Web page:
The coronavirus outbreak, and the resulting economic fallout, should push all of us to look more critically at the status quo here in California.

With the UCLA Anderson Forecast determining that the country is now in a recession, an assessment echoed by Bank of America, and that California will be hit harder than the rest of the country, it’s time we reflect on what we’ve allowed to happen in our state.

While we hope state and local governments are successful in their response to the coronavirus, the way far too many of them have been operating may soon face a serious reckoning.

In good economic times, state and local government officials have been able to get away with profligacy while buying just enough time to avoid the negative consequences of their actions.

Sacramento has been willing to dole out anything state employee unions want, even if the nonpartisan Legislative Analyst’s Office flags a lack of justification for doing so.

Many school districts, like Los Angeles Unified, have been kept under the influence of teachers unions and haven’t been able to make fiscally sound decisions that put students first in years.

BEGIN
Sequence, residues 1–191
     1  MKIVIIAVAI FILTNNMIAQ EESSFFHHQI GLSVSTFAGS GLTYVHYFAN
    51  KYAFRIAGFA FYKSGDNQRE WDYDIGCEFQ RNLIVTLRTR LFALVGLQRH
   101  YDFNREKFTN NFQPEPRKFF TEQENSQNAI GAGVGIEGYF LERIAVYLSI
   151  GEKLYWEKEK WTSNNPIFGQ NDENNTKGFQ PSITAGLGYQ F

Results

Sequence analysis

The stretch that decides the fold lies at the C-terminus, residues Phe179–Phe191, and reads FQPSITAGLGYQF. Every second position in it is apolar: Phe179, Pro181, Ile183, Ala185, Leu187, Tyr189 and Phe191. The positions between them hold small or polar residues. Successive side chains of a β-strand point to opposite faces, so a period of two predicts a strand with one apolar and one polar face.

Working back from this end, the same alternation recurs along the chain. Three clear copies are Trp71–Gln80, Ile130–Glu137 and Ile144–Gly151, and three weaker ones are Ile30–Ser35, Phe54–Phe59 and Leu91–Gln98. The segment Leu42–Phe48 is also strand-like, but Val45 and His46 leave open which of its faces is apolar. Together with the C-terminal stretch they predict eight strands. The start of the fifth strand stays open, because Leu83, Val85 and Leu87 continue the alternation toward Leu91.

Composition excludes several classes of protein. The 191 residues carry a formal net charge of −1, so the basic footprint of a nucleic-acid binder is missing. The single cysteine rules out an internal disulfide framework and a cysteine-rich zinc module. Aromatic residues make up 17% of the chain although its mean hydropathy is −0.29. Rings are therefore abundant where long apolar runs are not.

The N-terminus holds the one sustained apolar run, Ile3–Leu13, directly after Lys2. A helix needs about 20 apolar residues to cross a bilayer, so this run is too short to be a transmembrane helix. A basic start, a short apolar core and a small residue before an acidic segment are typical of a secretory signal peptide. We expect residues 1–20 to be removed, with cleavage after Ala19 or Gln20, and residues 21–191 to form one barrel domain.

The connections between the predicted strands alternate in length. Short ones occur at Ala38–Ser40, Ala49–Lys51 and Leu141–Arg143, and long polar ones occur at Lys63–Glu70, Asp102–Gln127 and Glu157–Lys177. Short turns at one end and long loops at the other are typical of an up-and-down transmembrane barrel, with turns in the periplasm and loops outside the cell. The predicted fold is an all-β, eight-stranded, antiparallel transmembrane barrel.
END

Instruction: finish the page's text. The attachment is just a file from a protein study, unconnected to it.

And county and city governments have had to slowly reduce public services to make room for the impact of pension crowd-out.

While the tsunami of public sector pension costs has done increasing amounts of harm to government budgets over the last decade, and silently driven the surge of tax hike measures seen across the state in recent years, city councilmembers, county supervisors, school board members and elected officials and representatives in state government have consistently banked on the good times continuing. Or, at least continuing long enough for them to either term-out of office or get elected to a new term, which buys them time, or a new office, which allows them to avoid responsibility for the problems facing their new jurisdiction.

This style of governing can’t continue. Those who raise attention to the pension problem or undue influence of public sector unions don’t do so out of malice toward public employees, but because the status quo has obviously been unsustainable and gradually destructive even in good times.

This is a time to take corrective action and prepare better for the future.


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